WUHAN, China — In a converted factory building in downtown Wuhan, 22-year-old Xiong Feng, who goes by the name Daiki, struts and spins in a black sequined full-body suit and stiletto boots.
Dancing behind him in zebra print and pink streetwear are his students, snapping their fingers and flicking their hair toward a cameraman filming a promotional video.
Daiki is Wuhan‘s only teacher of vogue, a highly stylized form of dancing that was popularized by gay and transgender communities in New York in the 1980s.
His class numbers have jumped from just a few people to around 10 since the city’s COVID-19 lockdown ended, as students, many of whom are young gay men, say they are keen to live more authentic lives in the wake of a traumatic year.
“I think that after the epidemic, everyone enjoys themselves more. People won’t work as hard as before, so it’s obvious that more and more people come to dance,” said Daiki.
Beginning Jan. 23, Wuhan endured a grueling 76-day lockdown that barred people from leaving their homes and shut the city off from the rest of the country. It also experienced the most COVID-19 fatalities in China with 3,869 deaths,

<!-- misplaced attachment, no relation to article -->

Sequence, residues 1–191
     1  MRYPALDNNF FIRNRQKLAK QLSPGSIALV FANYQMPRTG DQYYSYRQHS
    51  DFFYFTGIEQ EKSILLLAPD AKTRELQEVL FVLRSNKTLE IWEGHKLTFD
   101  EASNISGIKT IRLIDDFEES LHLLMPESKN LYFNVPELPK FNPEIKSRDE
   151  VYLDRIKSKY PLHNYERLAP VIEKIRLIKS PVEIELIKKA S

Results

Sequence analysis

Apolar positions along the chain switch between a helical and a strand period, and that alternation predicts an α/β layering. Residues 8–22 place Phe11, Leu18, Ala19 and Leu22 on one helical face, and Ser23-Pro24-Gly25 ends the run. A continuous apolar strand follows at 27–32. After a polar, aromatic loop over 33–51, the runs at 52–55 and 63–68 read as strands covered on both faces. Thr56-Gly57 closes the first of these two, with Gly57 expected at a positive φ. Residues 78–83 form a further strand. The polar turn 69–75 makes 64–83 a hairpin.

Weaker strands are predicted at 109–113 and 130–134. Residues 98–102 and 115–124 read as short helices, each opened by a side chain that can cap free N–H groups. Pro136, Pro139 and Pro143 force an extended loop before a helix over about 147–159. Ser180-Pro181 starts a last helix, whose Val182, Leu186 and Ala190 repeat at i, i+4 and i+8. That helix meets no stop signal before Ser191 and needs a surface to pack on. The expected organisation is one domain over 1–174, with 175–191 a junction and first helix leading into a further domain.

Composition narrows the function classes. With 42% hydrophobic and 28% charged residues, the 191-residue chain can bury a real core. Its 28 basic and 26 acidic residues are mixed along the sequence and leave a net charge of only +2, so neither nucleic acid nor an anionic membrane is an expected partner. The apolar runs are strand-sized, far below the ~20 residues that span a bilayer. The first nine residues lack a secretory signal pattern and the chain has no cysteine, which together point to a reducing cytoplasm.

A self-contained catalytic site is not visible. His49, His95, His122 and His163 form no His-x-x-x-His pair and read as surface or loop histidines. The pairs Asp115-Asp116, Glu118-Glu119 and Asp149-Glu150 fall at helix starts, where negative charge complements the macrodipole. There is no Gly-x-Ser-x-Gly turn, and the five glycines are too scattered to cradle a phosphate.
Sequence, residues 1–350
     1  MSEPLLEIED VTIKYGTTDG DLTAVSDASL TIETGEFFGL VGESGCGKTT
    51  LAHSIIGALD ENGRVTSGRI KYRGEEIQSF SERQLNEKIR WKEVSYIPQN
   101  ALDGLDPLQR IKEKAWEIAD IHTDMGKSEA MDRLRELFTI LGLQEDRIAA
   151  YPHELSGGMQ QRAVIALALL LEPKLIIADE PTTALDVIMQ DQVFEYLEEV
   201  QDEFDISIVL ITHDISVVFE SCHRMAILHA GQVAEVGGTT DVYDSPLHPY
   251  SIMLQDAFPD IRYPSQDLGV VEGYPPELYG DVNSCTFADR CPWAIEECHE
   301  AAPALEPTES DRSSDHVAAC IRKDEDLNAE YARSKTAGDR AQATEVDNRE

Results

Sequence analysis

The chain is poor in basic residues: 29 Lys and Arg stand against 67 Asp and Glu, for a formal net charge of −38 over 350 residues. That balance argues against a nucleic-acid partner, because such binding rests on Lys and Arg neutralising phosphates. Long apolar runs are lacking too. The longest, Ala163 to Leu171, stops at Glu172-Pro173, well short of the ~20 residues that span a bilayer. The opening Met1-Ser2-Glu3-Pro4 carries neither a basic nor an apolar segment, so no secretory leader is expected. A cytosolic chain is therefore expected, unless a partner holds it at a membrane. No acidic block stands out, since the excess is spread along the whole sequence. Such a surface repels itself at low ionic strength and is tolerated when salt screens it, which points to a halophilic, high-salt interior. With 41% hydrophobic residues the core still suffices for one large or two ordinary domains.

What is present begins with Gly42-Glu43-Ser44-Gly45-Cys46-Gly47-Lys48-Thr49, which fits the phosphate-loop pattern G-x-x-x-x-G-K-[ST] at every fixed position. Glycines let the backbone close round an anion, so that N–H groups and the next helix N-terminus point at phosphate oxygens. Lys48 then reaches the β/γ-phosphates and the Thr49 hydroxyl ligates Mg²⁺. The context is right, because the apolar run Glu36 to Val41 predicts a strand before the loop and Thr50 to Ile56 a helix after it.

Wuhan hasn’t recorded a new case since May and has largely returned to normal, but young people in the city say the disruptive and mentally challenging time has permanently altered their outlook on life.
“I feel that vogue has given me a lot of spiritual support during this period,” said Crisp, a baby-faced 23-year-old student in bright pink eye shadow.
As Crisp dances, he shows off a series of rapid choreographed hand movements and in the finale of one routine, he slams his body backward into the ground in a practiced half split called a ‘death drop’ in drag circles.
“We need to seize every minute and every second to be who we are. We have to cherish ourselves.” he said.
China has a thriving LGBT culture, despite strong censorship in mainstream media and a strict legal framework that broadly rejects non-traditional families. That said, Daiki notes not all LGBT people in Wuhan approve of voguing as some argue that men should act more manly.
During lockdown, Daiki, his students and friends practiced at home in their bedrooms, staying in touch by sharing videos of new dance routines.
Now they hope more people will try it and have dreams of building Wuhan‘s first vogue ballroom community.
“Because of the epidemic, everyone was locked up at home … but our situation is much better now,” said Daiki. “It’s a long-lost happiness.” —Reporting by Cate Cadell and Thomas Suen; Editing by Edwina Gibbs